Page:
Must admit....WIN7 is kind of challenging me a little at the moment!
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I have not found any voltage and temperature data on the FX 3800, but if you look at the GTX-480, the idle temp is around 51 C and under load 94 C. These temps are high, so good cooling is an absolute must. The FX 3800 may not run that hot, but nevertheless...
Power consumption idle is 190 W and under load 479 W. Again these figures may differ for the FX 3800, but you can see that the PSU has to deliver a lot of juice.
Win7 is not all that different from Vista. That is why I still direct people to the tuning guide, that was written for Vista but largely still applies to Win7. http://forums.adobe.com/thread/436139?tstart=0
Check out how many processes are running in your Win7, an untuned system will have about 70 processes running. I take that down to mid 30's. Then it is faster than Vista.
As you do your OS build/shakeout, I would be interested to know if you have any revelations
regarding what system defaults to alter or disable, what codecs/add-ons to have in place
pre-install of CS5, etc, etc.
I remember in another thread you had mentioned an interest in an "everything in one place"
basic OS optimization guide for CS5 (excluding of course device specifics).
I would be interested to know if you come across anything helpful to streamling the usual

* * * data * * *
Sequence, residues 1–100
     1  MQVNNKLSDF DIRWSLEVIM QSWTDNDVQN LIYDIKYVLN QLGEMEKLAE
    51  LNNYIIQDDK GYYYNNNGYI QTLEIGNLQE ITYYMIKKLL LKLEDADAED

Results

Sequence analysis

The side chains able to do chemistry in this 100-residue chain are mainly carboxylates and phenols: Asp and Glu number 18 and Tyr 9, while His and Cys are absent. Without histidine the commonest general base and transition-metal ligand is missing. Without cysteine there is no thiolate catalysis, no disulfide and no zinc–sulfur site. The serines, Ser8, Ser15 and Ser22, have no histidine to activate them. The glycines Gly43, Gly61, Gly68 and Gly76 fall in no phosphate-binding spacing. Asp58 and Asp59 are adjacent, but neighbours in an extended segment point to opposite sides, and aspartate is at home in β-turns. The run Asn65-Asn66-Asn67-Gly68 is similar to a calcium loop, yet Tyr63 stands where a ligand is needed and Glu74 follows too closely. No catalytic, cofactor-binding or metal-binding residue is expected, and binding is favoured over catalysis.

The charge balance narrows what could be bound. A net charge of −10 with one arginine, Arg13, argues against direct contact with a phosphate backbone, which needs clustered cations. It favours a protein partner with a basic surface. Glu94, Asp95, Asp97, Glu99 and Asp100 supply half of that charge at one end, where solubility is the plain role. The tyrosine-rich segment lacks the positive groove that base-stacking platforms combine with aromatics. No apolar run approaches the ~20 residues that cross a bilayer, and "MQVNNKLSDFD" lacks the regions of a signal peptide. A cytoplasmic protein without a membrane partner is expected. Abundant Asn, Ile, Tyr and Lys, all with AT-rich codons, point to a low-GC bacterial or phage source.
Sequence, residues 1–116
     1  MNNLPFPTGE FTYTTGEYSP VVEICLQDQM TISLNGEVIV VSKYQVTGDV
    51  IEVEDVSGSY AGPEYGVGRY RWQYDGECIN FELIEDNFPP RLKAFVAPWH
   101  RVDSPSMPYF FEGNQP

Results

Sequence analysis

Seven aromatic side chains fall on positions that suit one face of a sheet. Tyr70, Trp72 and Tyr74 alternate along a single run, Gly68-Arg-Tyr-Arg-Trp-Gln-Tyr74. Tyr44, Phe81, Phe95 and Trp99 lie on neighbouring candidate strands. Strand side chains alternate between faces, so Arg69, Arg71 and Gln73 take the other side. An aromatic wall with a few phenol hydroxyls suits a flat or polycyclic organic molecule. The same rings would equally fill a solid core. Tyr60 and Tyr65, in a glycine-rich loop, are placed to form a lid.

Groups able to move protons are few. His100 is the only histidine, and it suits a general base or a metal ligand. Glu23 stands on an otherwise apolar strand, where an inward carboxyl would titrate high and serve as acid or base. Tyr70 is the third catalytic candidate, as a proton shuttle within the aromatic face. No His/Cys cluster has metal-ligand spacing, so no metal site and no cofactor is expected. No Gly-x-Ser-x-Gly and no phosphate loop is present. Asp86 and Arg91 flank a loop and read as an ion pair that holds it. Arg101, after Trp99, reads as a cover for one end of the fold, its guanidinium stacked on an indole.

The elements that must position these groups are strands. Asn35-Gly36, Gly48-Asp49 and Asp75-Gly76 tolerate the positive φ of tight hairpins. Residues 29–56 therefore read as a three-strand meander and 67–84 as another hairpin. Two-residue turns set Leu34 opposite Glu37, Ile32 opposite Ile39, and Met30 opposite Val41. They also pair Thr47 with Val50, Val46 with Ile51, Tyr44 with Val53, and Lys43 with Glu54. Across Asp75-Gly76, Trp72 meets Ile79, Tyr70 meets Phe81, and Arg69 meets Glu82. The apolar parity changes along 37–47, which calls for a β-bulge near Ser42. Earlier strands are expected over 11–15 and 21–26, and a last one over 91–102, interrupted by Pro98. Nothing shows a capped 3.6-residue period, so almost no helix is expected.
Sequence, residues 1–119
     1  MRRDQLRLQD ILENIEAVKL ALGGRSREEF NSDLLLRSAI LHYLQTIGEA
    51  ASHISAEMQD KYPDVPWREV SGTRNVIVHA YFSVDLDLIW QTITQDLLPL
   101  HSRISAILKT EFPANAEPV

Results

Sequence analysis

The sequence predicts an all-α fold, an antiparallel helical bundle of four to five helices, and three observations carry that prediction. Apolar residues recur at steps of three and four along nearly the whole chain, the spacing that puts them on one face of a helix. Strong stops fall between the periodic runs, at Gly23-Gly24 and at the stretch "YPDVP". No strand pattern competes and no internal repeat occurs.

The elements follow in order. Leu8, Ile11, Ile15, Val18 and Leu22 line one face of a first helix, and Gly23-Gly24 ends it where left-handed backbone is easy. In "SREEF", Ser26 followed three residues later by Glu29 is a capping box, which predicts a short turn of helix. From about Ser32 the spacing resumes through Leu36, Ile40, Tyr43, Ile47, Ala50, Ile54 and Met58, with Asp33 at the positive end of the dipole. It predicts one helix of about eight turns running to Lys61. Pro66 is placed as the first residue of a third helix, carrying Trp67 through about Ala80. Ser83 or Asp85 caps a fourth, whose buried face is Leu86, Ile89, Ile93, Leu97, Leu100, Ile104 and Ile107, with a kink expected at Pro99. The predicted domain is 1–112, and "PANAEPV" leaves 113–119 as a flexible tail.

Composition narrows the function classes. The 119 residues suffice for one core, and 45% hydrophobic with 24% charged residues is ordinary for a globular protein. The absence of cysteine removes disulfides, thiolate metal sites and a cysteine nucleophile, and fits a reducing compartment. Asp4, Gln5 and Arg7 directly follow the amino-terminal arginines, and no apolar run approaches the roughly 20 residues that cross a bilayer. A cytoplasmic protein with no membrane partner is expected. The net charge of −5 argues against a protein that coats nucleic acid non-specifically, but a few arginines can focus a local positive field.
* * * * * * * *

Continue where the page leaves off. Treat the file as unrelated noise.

install, find problem, re-install routine we have all been through.
Good luck, and happy building.
My brand new system is running 34 processes. ( I have not even had time to take a look at what they are yet but I did have it built with a "minimal guff" request )
@Harm - I never had much to do with Vista except my sons machine. I recognise the similarities and just have to get used to the stuff that differs from the very familar XP Pro stuff .
BTW: I am seeing my puter tech today and will discuss a PSU upgrade. (seems like you cant have too much juice).
RE: processes. That sound like they knew what they were doing.
This is the fifth system they have built me from the ground up and apart from some minor glitches...they have all been faultless at hardware level.
Fingers crossed on this one as well.
BTW: Three of the others are still in service productively and efficiently running CS2 thru' CS4 ...
... I now intend to retire the CS2 system. (Too much hardware to deal with for a non tech guy like me)
I just installed Windows 7 on another set of disks last night. It now has 28 processes running. When I have time I will publish my proceedure.
I'm looking forward to reading.
Shooternz - I too have the Asus P6T deluxe V2 mobo and 12 gigs of Ram - Corsair ddr3 1333. Have you had any experience of the Ram detection in Bios not reporting correctly? Sometimes my bios will find 12, other times it may find 10, 8 or 6 gigs or Ram! I have tried running the CPU -Z utility and it reports that there are 12 gigs of Ram installed. Did you do anything in the Bios to tweak your system? Any help appreciated.
Windows 7 Ultimate 64
Intel I7 930
Corsiar 750w PSU